Friday, May 29, 2015

How to read a Simplicity Pattern

Forewarning this post is very picture heavy

So you’ve learned how to do basic sewing, you may have done a few easy beginner projects, and now you’re ready to try something more advanced. Well…..
I introduce to you a Simplicity pattern
Simplicity 1558

This pattern is more advanced than what I would choose for a beginner but for example purposes it works. I’m going to have other examples of simplicity patterns in this post, but we will keep coming back to this one.

A pattern, in my own words anyway, is the instructions on how to make the item, or items, it pictures. It contains shaped templates that you cut out of fabric and the instruction on how to piece the shapes together to make the item or items pictured.

When you look at pattern you’ll notice right away that there is tons of information written on the envelope alone, not to mention all the information inside the envelope.

First thing’s first, on the front of the envelope.
Brand and Number.jpg
The Brand and Pattern Number
These two bits of information are the pattern brand and number. It’s kind of like make and model on a car. It tells you what pattern you have and also how you find the pattern in a store.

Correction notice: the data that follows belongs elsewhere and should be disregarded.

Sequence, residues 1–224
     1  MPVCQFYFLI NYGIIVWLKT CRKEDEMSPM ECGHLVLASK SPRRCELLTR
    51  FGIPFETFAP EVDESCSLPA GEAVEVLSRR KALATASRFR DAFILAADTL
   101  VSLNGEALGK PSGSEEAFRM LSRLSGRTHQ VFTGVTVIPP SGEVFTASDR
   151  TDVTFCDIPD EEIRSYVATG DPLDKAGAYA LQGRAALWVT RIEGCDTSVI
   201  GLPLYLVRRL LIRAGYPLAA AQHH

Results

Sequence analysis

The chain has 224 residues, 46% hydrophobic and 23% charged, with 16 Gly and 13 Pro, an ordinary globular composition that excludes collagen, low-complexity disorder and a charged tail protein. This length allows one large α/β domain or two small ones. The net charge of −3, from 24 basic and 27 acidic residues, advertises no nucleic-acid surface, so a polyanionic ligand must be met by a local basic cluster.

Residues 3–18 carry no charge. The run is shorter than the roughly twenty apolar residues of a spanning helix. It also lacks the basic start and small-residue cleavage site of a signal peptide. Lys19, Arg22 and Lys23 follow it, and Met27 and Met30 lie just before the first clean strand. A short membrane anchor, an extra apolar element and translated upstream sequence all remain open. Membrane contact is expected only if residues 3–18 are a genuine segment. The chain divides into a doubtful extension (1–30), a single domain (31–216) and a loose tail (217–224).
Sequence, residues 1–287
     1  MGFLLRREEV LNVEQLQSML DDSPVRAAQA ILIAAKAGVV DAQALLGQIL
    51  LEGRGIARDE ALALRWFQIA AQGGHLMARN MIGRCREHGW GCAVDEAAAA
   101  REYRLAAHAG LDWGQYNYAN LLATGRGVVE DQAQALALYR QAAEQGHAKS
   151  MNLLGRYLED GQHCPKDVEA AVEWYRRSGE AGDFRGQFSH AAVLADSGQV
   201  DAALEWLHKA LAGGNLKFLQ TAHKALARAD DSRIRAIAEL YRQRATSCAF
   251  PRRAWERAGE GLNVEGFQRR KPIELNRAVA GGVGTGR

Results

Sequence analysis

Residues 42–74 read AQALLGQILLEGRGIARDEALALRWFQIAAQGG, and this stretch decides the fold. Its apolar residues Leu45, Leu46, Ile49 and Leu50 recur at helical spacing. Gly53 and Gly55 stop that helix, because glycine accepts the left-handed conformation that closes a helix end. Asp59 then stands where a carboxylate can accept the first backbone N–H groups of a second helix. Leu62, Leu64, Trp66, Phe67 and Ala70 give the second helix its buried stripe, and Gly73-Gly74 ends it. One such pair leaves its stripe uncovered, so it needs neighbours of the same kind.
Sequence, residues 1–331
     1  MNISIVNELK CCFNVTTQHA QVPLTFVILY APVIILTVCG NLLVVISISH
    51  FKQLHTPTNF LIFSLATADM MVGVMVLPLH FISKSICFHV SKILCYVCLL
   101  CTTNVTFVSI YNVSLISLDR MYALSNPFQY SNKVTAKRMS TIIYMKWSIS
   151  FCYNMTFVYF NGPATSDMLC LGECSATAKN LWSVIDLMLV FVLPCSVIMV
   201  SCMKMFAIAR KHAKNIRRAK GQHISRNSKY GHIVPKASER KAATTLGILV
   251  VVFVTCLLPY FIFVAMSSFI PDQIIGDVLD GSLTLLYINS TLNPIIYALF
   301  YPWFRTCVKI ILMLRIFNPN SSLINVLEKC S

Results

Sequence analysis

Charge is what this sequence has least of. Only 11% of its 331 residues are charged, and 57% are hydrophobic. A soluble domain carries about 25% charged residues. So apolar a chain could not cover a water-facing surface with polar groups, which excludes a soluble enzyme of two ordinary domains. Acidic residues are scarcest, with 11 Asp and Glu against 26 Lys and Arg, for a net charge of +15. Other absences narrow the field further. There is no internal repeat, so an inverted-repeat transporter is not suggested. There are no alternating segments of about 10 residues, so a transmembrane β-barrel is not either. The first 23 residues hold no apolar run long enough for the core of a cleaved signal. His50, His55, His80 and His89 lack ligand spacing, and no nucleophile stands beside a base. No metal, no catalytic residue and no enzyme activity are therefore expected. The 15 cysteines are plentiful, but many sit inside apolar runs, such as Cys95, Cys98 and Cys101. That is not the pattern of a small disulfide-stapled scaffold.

Next on the front is
Size Square.jpg
The pattern size. This tells you what size or sizes the pattern, you grabbed, can make. Some patterns are “One Size” like this one
A One Size Pattern, Simplicity 1392
Which means that whatever the pattern makes only comes in one size, like patterns for bags, curtains, accessories, dolls, etc., things that don’t normally need to have a different size.

Most clothing patterns are multi-sized, meaning the envelope contains the templates to make more than one size, to fit a wide range of people. Each multi-sized pattern will have  a range of sizes it was designed to make. You always want to pay attention to the range of sizes a specific pattern can make.
Why you ask, look at these two patterns.
Can you spot the difference
They look identical don’t they. They are, except for one thing, if you look where the pattern size is one says “6, 8, 10, 12” while the other says “14, 16, 18, 20, 22”. These are the same pattern in two different size ranges. This pattern was designed in sizes 6 to 22 but instead of putting all of the available sizes in one envelope they split the range in half. Why? I don’t truly know. It could be so that you’re not having to buy a huge envelope, of 10 different sizes, to make one size. It also could make using the pattern pieces, and cutting out the right size easier, especially on smaller pieces. Anyway, you want to make sure pattern you are buying is the size you want to make, nothing like getting home with all the fabric and notions, only to realize your pattern is in the wrong size.
What size do you need? We will get to that when get to the back of the envelope but first there’s one last thing on the front.
The different views
The lovely pictures on the show what the pattern will make, different items made with the same pattern are called views. Views are indicated by letters (circled in blue). This pattern has two views. The outfit with the shorter skirt and jacket is View A, while the longer skirt and corset is View B.
Some patterns will have lots of views like this one.
Many views
This one goes all the way to view O.